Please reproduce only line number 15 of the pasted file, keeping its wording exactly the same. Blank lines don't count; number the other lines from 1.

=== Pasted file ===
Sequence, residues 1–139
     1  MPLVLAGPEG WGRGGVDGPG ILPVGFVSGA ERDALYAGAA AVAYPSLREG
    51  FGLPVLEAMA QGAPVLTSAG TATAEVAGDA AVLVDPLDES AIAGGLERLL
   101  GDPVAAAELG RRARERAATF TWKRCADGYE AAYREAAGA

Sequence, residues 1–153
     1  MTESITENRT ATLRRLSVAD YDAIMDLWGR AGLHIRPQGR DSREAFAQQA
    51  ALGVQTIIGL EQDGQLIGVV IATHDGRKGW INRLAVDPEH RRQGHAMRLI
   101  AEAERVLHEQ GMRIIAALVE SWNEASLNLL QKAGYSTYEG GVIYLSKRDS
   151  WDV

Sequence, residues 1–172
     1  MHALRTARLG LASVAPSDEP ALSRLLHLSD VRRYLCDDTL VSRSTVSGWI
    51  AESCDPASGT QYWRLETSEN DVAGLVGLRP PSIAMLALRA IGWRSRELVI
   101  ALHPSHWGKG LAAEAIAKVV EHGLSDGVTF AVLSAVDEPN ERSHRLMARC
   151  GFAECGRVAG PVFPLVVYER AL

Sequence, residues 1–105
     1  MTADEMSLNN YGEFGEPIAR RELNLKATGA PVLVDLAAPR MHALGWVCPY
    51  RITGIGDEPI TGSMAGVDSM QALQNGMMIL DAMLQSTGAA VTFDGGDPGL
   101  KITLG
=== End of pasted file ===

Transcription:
Sequence, residues 1–105